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Crystallization of Nucleic Acids and ProteinsA Practical Approach$
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Arnaud Ducruix and Richard Giegé

Print publication date: 1999

Print ISBN-13: 9780199636792

Published to Oxford Scholarship Online: November 2020

DOI: 10.1093/oso/9780199636792.001.0001

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From Solution to Crystals With a Physico-Chemical Aspect

From Solution to Crystals With a Physico-Chemical Aspect

Chapter:
10 (p.269) From Solution to Crystals With a Physico-Chemical Aspect
Source:
Crystallization of Nucleic Acids and Proteins
Author(s):

M. Riès-Kautt

A. Ducruix

Publisher:
Oxford University Press
DOI:10.1093/oso/9780199636792.003.0014

Biological macromolecules follow the same thermodynamic rules as inorganic or organic small molecules concerning supersaturation, nucleation, and crystal growth (1). Nevertheless macromolecules present particularities, because the intramolecular interactions responsible of their tertiary structure, the intermolecular interactions involved in the crystal contacts, and the interactions necessary to solubilize them in a solvent are similar. Therefore these different interactions may become competitive with each other. In addition, the biological properties of biological macromolecules may be conserved although the physico-chemical properties, such as the net charge, may change depending on the crystallization conditions (pH, ionic strength, etc.). A charged biological macromolecule requires counterions to maintain the electroneutrality of the solution; therefore it should be considered as a protein (or nucleic acid) salt with its own physico-chemical properties, depending on the nature of the counterions. To crystallize a biological macromolecule, its solution must have reached supersaturation which is the driving force for crystal growth. The understanding of the influence of the crystallization parameters on protein solubility of model proteins is necessary to guide the preparation of crystals of new proteins and their manipulation. Only the practical issues are developed in this chapter, and the reader should refer to recent reviews (2-4) for a description of the fundamental physical chemistry underlying crystallogenesis. The solubilization of a solute (e.g. a biological macromolecule) in an efficient solvent requires solvent-solute interactions, which must be similar to the solvent-solvent interactions and to the solute-solute interactions of the compound to be dissolved. All of the compounds of a protein solution (protein, water, buffer, crystallizing agents, and others) interact with each other via various, often weak, types of interactions: monopole-monopole, monopole-dipole, dipole-dipole, Van der Waals hydrophobic interactions, and hydrogen bonds. Solubility is defined as the amount of solute dissolved in a solution in equilibrium with its crystal form at a given temperature. For example, crystalline ammonium sulfate dissolves at 25°C until its concentration reaches 4.1 moles per litre of water, the excess remaining non-dissolved. More salt can be dissolved when raising the temperature, but if the temperature is brought back to 25°C, the solution becomes supersaturated, and the excess of salt crystallizes until its concentration reaches again its solubility value at 25°C (4.1 moles per litre of water).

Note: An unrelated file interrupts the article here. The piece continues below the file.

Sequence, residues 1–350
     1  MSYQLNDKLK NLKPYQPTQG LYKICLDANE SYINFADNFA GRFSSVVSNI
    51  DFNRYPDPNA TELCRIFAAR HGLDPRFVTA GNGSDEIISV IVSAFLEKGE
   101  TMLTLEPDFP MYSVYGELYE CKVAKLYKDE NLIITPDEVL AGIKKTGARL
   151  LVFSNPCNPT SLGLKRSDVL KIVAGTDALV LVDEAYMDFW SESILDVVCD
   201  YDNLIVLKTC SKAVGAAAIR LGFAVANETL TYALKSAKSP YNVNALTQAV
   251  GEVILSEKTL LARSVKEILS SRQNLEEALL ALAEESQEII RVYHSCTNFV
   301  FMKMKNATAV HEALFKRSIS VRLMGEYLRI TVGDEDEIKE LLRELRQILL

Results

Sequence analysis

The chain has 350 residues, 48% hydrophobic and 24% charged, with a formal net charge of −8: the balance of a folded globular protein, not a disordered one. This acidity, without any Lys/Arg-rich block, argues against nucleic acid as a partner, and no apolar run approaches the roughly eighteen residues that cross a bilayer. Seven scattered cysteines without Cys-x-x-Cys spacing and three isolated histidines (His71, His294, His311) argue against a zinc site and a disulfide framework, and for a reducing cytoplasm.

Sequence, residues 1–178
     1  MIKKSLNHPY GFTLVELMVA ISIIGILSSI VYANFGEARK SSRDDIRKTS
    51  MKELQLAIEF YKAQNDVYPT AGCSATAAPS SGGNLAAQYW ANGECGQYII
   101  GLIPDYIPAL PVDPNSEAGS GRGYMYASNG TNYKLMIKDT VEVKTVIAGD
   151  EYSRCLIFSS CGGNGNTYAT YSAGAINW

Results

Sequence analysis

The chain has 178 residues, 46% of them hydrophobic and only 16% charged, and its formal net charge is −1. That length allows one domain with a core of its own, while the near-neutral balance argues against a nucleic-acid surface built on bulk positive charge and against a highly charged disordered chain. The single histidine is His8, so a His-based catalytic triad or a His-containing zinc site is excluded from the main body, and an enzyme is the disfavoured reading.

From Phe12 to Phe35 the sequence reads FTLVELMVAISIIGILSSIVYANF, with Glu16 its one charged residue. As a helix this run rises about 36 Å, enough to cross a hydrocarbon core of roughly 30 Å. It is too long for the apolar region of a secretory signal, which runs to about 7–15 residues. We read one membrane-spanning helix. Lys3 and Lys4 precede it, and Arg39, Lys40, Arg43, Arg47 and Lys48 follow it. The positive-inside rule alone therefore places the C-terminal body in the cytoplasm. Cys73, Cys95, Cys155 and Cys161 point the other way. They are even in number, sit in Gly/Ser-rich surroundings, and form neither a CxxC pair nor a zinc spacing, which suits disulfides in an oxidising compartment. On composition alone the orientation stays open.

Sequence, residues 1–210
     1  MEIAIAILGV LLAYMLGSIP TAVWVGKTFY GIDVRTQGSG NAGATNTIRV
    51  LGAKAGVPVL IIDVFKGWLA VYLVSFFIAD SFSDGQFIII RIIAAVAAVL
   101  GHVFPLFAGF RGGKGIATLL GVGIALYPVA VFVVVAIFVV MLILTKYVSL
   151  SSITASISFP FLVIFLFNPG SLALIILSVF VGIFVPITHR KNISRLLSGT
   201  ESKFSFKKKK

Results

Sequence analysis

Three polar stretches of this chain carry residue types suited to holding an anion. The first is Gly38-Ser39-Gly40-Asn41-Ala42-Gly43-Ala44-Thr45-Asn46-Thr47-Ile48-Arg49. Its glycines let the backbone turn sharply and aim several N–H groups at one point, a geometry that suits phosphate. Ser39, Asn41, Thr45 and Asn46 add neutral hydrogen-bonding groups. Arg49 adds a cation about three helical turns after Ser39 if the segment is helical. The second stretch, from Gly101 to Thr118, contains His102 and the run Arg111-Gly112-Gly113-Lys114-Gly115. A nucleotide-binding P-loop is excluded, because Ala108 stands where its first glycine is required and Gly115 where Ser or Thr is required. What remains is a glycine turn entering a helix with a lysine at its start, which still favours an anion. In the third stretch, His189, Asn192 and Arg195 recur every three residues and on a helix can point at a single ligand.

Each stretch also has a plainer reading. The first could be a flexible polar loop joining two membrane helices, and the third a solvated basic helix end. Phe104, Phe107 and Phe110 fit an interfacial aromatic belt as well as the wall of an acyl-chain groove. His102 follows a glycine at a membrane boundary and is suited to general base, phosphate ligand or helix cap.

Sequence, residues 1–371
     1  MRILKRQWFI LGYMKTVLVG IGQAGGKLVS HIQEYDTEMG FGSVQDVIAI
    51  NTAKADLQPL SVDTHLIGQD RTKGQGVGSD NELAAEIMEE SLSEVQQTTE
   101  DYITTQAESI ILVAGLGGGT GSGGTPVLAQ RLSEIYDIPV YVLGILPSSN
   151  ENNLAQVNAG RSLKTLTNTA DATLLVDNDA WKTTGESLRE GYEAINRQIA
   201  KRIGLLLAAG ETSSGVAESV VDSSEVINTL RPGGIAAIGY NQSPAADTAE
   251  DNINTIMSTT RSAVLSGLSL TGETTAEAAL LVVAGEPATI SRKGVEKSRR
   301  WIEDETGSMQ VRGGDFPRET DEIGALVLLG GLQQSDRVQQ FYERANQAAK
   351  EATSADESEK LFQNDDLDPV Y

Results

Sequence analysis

Keywords:   amorphous precipitate, buffers, databases, interferometry, light scattering techniques, mixed-bed resins, net charge, optimization, phase diagrams

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